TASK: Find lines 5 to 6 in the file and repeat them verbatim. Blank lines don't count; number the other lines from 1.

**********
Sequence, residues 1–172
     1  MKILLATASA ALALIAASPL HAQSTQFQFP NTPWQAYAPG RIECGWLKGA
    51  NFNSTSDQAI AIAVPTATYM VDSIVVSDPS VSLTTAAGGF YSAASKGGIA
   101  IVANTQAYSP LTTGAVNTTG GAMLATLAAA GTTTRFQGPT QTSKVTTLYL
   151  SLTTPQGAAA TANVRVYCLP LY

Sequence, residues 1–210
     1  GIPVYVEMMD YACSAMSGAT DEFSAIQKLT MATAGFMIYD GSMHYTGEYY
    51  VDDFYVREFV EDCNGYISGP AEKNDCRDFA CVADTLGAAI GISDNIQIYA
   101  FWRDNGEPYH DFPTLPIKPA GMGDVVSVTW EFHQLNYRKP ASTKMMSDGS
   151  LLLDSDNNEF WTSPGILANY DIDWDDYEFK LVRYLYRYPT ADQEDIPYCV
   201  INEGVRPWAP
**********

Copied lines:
   151  SLTTPQGAAA TANVRVYCLP LY

Sequence, residues 1–210